Group 1 – Jason Choy, Ray Chen, Vincent Cornelio
Professor Jill Belli
Progress Report #6
This last week was fairly straightforward, but intense nonetheless. After our out-of-class meeting we were left with a clear idea of what to do. Our primary objective was to finish the final project write-up and the final presentation, since we had already finished making the game. We began finalizing these last two parts of the project the day after our out-of-class meeting.
We decided to work on the write-up first, since we had a clear idea of what to do thanks to the peer review comments and the feedback received during the out-of-class meeting. We first discussed the changes we had to make, both in person and online, to make sure we were all on the same page. Thankfully we were all on the same page since the comments were very clear. With the report being shared online, the first change we made was putting the title of the game on the cover page. After this, the group began working on the appendix and improving it according to the comments. This was a very simple, straightforward task, but a somewhat time consuming one since our appendix is vast.
Unfortunately none of us were able to figure out how to exclude page numbers on the first two pages. At this point, we question whether or not it’s possible. Thankfully this is a minor issue, but it’s one we will just have to accept. We continued to edit the formatting over the weekend; after fixing the appendix Jason moved the Works Cited page so that it now appears before the appendix. He also added an endnotes page, took the unnecessary (but still somewhat useful) information out of the body, and instead cited this information in the Endnotes page while numbering the appropriate text in the body. We used standard MLA formatting for this, like we did everything else.
After we fixed these straightforward issues, we moved onto the report itself, rewriting it based on the feedback we received. We all discussed the feedback before preceeding, coming up with the plan to improve the writing so that it no longer appears compartmentalized, in addition to merging the research discussion with the game design discussion, and making the progression of the paper more logical. After coming up with the plan, Jason executed it, rewriting the majority of the paper, deleting unnecessary information, and even relocating certain parts of the text elsewhere. This process took about two days, but all of us are satisfied by the result. The paper flows much better now, and contains more relevant information.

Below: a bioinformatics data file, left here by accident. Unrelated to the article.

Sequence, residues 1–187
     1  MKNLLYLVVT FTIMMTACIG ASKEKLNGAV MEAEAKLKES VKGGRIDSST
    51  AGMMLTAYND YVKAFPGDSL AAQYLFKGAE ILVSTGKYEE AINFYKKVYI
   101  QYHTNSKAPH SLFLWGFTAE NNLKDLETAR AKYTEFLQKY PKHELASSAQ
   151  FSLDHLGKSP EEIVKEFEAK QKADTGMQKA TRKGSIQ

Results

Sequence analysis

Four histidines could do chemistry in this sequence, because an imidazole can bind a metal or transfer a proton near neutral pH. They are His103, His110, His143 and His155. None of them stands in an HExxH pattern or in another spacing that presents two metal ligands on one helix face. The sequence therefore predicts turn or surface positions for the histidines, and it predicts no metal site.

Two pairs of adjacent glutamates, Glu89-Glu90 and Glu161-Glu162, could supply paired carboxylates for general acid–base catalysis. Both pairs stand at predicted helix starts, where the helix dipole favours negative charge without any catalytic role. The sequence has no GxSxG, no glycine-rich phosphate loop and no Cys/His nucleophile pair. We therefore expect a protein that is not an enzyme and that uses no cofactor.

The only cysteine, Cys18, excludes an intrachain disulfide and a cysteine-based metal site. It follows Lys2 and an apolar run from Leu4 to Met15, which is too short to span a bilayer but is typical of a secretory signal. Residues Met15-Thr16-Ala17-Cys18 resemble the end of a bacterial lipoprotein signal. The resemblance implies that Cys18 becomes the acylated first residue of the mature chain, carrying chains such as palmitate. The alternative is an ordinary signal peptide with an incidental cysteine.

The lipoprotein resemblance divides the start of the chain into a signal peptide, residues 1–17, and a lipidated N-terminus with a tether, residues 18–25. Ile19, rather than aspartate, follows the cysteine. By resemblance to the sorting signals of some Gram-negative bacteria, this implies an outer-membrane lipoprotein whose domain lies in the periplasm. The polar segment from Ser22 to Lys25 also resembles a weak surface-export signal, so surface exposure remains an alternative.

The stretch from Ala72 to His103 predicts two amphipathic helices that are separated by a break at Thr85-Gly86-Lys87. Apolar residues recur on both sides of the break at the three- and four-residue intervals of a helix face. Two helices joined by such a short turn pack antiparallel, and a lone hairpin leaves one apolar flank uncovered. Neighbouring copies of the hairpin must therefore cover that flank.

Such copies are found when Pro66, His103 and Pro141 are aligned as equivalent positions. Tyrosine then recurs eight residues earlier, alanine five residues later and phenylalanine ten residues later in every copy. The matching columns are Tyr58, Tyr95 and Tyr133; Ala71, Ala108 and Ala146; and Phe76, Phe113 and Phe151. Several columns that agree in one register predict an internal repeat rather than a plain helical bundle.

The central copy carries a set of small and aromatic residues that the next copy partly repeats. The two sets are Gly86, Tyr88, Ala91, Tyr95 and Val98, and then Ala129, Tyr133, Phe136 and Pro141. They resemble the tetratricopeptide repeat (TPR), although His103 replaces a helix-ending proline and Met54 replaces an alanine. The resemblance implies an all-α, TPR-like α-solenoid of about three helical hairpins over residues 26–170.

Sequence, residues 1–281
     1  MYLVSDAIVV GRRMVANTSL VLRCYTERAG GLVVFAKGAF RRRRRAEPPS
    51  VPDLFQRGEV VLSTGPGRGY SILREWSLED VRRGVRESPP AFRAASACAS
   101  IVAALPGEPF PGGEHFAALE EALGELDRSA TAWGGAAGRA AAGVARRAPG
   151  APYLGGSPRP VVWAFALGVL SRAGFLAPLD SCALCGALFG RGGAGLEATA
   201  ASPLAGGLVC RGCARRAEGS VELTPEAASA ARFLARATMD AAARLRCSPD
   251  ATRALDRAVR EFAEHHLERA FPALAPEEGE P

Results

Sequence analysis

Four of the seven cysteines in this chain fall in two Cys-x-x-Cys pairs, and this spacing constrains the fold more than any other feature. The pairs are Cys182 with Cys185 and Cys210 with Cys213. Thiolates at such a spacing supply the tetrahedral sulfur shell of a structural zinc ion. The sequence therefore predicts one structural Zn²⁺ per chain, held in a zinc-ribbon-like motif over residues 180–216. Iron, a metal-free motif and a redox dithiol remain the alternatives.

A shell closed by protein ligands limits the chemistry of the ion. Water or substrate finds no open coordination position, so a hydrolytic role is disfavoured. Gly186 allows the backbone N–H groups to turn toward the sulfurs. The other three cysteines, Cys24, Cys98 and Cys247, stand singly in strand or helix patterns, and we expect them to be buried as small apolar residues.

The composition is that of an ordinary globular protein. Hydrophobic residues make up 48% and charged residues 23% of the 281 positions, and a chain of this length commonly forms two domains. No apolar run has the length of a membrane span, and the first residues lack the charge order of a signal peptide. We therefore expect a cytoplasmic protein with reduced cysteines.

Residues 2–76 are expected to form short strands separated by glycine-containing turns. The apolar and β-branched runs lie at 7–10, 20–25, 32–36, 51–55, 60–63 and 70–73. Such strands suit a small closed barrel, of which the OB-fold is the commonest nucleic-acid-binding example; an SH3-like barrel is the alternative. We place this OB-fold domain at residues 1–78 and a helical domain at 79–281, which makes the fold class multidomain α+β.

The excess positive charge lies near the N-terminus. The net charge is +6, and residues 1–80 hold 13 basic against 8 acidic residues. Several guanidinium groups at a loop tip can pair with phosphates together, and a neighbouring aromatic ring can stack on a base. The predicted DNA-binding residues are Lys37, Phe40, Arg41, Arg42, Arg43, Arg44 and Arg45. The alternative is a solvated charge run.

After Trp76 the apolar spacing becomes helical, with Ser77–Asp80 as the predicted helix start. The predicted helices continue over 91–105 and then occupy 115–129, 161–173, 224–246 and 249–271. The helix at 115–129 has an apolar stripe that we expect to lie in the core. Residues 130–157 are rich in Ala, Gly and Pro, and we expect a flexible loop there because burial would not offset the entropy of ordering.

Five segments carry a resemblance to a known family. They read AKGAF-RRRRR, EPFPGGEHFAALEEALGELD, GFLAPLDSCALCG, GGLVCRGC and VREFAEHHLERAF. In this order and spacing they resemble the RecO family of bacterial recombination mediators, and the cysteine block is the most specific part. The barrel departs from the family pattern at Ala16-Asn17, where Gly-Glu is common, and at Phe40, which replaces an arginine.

Creating the final PowerPoint presentation didn’t take too long, since we just had to condense the information from our write-up into the presentation, and build off of our last presentation. We discussed what we had to do during an online synchronous meeting, coming up with ideas like adding a Works Cited page, focusing more on the thesis from the write-up, and incorporating more sources. We actually built off of our previous PowerPoint, but the final one is almost entirely different now. Jason rewrote it, Ray supplied some more pictures from different sources which are now incorporated into the PowerPoint, and Jason also added screenshots of the game itself to the PowerPoint. After finalizing the presentation, we discussed how we’d present it, deciding that we should all cover the topics we did the most research on. Ray will discuss his research on architectural design, how games affect learning, and how puzzles can be beneficial/intellectually stimulating, and how these things are incorporated into our game. Vincent will discuss his research on other game manuals, how this research affected our manual, and he will discuss our manual as well. Jason will talk about the game itself, how it’s intellectual (backed up by some of the research we did), and he will go over some of the survey results.
We are very confident in our project, and we look forward to presenting it to the class.